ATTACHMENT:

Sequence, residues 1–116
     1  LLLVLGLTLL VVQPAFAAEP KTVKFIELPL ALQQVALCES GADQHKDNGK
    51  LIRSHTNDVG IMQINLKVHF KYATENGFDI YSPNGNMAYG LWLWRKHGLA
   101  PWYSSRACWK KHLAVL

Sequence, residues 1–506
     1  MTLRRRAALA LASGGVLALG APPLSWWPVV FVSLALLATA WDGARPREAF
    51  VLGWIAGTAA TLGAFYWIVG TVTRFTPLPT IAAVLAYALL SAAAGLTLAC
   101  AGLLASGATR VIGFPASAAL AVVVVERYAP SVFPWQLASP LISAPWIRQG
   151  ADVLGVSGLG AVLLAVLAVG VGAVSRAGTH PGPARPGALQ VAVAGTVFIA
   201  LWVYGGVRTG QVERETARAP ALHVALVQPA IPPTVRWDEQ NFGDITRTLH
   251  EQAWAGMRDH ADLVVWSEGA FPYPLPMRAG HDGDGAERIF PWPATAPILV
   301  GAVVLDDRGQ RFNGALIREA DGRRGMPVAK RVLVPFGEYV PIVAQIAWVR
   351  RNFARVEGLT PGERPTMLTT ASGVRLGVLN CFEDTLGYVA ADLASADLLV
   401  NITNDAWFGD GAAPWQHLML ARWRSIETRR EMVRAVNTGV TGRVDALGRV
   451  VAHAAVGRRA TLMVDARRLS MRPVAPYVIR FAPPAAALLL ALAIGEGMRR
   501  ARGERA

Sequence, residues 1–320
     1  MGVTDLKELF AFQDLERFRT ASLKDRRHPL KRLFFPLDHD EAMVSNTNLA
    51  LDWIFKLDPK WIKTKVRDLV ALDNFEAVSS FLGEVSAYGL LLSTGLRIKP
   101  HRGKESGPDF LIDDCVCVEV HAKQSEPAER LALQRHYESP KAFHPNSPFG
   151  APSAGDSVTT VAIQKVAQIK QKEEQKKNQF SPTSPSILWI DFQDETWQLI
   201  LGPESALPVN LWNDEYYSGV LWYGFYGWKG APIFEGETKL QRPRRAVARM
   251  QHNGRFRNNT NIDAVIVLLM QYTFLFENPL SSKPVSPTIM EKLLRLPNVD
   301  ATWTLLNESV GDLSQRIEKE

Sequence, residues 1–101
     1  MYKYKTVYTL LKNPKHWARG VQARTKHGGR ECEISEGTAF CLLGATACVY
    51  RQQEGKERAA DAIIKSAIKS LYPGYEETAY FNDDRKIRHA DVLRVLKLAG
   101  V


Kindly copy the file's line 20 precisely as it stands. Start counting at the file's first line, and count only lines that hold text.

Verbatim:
   101  HRGKESGPDF LIDDCVCVEV HAKQSEPAER LALQRHYESP KAFHPNSPFG